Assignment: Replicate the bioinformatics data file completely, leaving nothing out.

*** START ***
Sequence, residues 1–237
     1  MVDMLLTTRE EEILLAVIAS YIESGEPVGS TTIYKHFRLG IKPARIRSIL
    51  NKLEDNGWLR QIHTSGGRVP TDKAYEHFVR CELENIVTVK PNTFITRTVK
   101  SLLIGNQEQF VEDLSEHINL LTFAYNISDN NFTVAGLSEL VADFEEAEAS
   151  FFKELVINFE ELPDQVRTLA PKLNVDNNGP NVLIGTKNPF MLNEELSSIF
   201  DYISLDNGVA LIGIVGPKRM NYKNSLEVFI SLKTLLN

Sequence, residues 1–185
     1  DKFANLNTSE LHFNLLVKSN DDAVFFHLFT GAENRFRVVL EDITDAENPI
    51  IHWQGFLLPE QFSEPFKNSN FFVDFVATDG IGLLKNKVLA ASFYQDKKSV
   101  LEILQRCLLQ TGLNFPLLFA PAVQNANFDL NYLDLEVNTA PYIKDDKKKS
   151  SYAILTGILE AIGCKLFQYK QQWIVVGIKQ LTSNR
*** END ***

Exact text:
Sequence, residues 1–237
     1  MVDMLLTTRE EEILLAVIAS YIESGEPVGS TTIYKHFRLG IKPARIRSIL
    51  NKLEDNGWLR QIHTSGGRVP TDKAYEHFVR CELENIVTVK PNTFITRTVK
   101  SLLIGNQEQF VEDLSEHINL LTFAYNISDN NFTVAGLSEL VADFEEAEAS
   151  FFKELVINFE ELPDQVRTLA PKLNVDNNGP NVLIGTKNPF MLNEELSSIF
   201  DYISLDNGVA LIGIVGPKRM NYKNSLEVFI SLKTLLN

Sequence, residues 1–185
     1  DKFANLNTSE LHFNLLVKSN DDAVFFHLFT GAENRFRVVL EDITDAENPI
    51  IHWQGFLLPE QFSEPFKNSN FFVDFVATDG IGLLKNKVLA ASFYQDKKSV
   101  LEILQRCLLQ TGLNFPLLFA PAVQNANFDL NYLDLEVNTA PYIKDDKKKS
   151  SYAILTGILE AIGCKLFQYK QQWIVVGIKQ LTSNR